Leon Black, the billionaire co-founder of private-equity giant Apollo Global Management and close personal associate of Jeffrey Epstein, has never been charged with or convicted of a crime. He has, however, been accused of things that are potentially criminal. Since 2021, the year that he stepped down from Apollo, three women have accused him of rape stemming from his relationship with Epstein. (One of those suits was dismissed with prejudice in May after it came out that, among other things, flight logs showed that her trafficking accusations were impossible. Black denies the allegations from the two other women, and has raised serious questions about their validity.) What we know about what actually happened is far murkier. Black has said that Epstein gave him tax and estate-planning advice, for which he was paid $158 million from 2012 to 2018, according to an audit — far above what those services are typically worth. Black traveled with Epstein a few times, including once taking his family to the dead child trafficker’s private island. In August, the U.S. Virgin Islands — which is suing JPMorgan Chase over its role in facilitating Epstein’s trafficking operations — settled with Black for $62.5 million in cash, raising the possibility that whatever actually happened between the two men would never be publicly aired.
There is, however, at least one other prominent investigation by the Senate Committee on Finance, which has been looking into their financial relationship. In July, the committee sent Black a 16-page letter asking pointed questions about what Epstein did. “Despite not being a certified public accountant or licensed tax attorney, Epstein was paid amounts that far exceeded what you paid other professional advisors, including some of the most high-priced legal counsel in the nation,” wrote the committee’s chair, Senator Ron Wyden. The details are bizarre: Not only did Epstein give relatively standard advice on tax avoidance, but he apparently took credit for the ideas of other people who actually worked for Black. Much of his advice had to be vetted by Black’s own tax and legal teams — people who actually did this stuff for a living — and a portion of it was rejected for being wrong.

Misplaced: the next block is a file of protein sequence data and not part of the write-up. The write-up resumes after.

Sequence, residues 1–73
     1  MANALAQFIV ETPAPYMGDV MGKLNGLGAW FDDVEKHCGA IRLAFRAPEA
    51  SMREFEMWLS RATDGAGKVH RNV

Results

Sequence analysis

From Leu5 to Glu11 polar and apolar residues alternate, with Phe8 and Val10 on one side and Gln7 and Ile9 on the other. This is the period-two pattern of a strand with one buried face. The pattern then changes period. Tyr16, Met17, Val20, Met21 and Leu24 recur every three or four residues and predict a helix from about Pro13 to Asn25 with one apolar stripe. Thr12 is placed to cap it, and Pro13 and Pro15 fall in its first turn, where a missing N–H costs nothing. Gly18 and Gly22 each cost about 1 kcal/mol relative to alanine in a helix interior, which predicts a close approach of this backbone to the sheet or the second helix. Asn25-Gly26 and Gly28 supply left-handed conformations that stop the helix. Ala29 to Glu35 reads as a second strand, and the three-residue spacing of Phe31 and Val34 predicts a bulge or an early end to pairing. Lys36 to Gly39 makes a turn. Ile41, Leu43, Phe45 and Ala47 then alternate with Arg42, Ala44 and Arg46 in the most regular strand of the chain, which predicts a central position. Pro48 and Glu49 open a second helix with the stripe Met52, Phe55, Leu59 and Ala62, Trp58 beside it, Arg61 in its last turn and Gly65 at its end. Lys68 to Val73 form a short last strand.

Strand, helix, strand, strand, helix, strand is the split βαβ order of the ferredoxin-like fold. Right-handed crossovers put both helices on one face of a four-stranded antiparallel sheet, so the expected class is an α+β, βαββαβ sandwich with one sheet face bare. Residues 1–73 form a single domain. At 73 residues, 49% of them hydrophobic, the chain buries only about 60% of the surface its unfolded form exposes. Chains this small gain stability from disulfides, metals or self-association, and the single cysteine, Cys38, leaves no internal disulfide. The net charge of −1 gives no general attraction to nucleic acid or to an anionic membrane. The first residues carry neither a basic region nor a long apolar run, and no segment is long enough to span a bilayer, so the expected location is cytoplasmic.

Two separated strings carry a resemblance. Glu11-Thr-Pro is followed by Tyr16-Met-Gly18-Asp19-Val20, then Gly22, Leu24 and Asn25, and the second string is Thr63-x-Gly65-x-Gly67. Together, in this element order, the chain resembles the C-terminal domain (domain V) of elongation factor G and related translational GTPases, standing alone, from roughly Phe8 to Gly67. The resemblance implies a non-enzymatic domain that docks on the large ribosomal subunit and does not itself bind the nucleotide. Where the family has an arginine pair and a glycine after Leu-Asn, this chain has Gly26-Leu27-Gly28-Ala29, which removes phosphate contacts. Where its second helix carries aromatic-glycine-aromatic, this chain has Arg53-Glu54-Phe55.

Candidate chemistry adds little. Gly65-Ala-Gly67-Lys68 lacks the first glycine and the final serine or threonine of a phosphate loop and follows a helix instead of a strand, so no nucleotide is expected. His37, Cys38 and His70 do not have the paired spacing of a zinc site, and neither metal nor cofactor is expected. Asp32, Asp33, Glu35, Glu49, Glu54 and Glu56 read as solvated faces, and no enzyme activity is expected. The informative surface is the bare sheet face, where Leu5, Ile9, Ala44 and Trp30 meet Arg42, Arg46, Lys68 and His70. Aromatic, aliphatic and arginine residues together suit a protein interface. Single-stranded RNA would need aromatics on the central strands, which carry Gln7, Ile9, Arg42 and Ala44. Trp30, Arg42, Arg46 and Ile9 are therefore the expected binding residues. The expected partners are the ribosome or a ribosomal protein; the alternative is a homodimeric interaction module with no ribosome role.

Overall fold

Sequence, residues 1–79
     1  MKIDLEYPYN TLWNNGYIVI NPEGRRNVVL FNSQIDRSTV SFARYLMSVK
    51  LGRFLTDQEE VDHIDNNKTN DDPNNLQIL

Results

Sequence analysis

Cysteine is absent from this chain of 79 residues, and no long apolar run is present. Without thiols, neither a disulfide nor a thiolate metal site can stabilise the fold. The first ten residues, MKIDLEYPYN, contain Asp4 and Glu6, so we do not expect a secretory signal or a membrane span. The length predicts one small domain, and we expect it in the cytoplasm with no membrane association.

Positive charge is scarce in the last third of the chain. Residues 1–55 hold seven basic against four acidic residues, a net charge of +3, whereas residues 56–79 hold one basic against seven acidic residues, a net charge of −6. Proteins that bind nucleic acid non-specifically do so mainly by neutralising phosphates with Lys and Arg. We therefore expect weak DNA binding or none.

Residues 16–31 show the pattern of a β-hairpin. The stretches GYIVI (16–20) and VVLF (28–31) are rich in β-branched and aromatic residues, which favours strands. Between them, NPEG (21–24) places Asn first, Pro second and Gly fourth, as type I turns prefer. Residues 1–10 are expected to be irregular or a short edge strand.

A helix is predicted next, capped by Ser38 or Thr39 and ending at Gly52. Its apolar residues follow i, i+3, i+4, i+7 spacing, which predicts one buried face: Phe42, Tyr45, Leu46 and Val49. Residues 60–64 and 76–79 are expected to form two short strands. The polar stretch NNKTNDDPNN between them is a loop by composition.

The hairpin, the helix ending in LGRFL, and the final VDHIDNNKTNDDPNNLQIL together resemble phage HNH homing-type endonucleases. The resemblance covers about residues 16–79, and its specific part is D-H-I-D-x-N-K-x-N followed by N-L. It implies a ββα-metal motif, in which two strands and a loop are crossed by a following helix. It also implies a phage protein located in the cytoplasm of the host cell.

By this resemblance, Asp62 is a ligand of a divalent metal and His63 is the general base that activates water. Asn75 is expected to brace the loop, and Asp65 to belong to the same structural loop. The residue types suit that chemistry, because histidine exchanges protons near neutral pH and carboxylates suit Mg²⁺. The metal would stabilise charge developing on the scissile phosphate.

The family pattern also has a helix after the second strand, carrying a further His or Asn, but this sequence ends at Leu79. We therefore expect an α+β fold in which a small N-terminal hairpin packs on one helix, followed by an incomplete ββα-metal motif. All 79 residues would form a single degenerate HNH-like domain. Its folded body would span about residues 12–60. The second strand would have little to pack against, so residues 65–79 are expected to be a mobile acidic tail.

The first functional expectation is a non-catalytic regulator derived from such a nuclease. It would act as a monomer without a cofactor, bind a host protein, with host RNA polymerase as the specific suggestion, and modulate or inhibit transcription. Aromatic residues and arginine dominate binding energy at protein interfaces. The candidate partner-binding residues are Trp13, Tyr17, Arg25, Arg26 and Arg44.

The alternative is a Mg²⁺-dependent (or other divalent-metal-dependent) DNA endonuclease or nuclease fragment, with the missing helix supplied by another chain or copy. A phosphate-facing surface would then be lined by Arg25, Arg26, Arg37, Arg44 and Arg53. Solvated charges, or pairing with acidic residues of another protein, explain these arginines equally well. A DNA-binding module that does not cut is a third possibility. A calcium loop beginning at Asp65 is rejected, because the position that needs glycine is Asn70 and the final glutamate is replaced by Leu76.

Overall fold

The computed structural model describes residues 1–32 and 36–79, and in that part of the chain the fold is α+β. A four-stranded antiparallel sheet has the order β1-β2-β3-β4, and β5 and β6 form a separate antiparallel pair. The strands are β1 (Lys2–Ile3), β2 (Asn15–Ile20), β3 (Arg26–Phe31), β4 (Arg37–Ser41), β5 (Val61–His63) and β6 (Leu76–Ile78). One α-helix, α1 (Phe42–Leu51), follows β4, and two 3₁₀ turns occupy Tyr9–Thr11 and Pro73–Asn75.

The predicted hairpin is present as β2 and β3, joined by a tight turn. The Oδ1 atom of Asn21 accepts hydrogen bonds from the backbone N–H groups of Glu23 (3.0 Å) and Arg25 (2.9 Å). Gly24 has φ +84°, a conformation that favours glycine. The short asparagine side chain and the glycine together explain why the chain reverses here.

The committee had demanded that Black provide more information by September 1. On Thursday, New York Times reporter Matthew Goldstein tweeted out an update, saying that no such information had come through.
Strange, isn’t it? It’s clear that Epstein was being compensated so much for something. While Black has, in the past, downplayed how close he was to Epstein, subsequent lawsuits and reporting show that they were deeply involved with each other, spending time on yachts and vacationing together. (He now says he regrets the relationship.) Epstein even pulled some strings at JPMorgan to help Black buy Edvard Munch’s The Scream for a record $119.9 million.
Wyden claims in his July letter to Black that his committee is interested in investigating tax-avoidance schemes from the ultrarich. While that’s undeniably true, it also smacks of being not quite the whole story. The committee is, in fact, in possession of the details of the tax-avoidance scheme, which apparently saved Black billions of dollars, thanks to the audit by Apollo. But what they really want to know is why Epstein was worth so much to him. (According to the audit report, Black apparently believed he could deduct Epstein’s pay from his taxes, though later realized he couldn’t. It’s unclear why Black believed that, if anyone else had told him that was true, and if he was deducting the rest of his legal and tax services.)
Black, for his part, doesn’t really have much to say about all this. “Mr. Black has cooperated extensively with the committee, providing detailed information about the matters under review,” his spokesman, Whit Clay, told me. “The transactions referenced in the committee’s letter were lawful in all respects, were conceived of, vetted, and implemented by reputable law firms and tax and other advisers, and Mr. Black has fully paid all taxes owed to the government.” After this story first ran, a spokesman for the committee confirmed to me that, while Black’s attorney’s provided some information, they didn’t find it to be satisfactory. “The response also appears to dodge serious questions regarding tax schemes involving billions of dollars in trusts, but committee staff are continuing to review the material,” according to the statement.
There has to be some explanation for these overpayments — whether it can be a reasonable explanation is up to the committee — but Black’s resistance to explaining why he paid Epstein so much isn’t going to make the question go away. There are a lot of people who apparently have pointed things to say about the former private-equity CEO — Black once sued Josh Harris, another Apollo co-founder, for allegedly orchestrating a smear campaign against him. (He lost that suit, and it was thrown out for being baseless.) Epstein clearly had a lot of power over a lot of people — he even allegedly blackmailed Bill Gates. If we’re ever going to find out, it might be by following the money.
Update: A spokesman for the Senate Committee on Finance provided an official statement after this story first ran, and was updated to include it.